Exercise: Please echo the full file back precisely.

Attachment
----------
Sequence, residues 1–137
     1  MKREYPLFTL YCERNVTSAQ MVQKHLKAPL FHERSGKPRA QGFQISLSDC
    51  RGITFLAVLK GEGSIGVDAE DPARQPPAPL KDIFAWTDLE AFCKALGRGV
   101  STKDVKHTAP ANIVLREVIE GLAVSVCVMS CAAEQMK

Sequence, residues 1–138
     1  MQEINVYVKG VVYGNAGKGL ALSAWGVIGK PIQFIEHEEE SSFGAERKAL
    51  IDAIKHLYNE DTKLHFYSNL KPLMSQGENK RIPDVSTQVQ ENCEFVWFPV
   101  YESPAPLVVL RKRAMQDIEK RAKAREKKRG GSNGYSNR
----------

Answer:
Sequence, residues 1–137
     1  MKREYPLFTL YCERNVTSAQ MVQKHLKAPL FHERSGKPRA QGFQISLSDC
    51  RGITFLAVLK GEGSIGVDAE DPARQPPAPL KDIFAWTDLE AFCKALGRGV
   101  STKDVKHTAP ANIVLREVIE GLAVSVCVMS CAAEQMK

Sequence, residues 1–138
     1  MQEINVYVKG VVYGNAGKGL ALSAWGVIGK PIQFIEHEEE SSFGAERKAL
    51  IDAIKHLYNE DTKLHFYSNL KPLMSQGENK RIPDVSTQVQ ENCEFVWFPV
   101  YESPAPLVVL RKRAMQDIEK RAKAREKKRG GSNGYSNR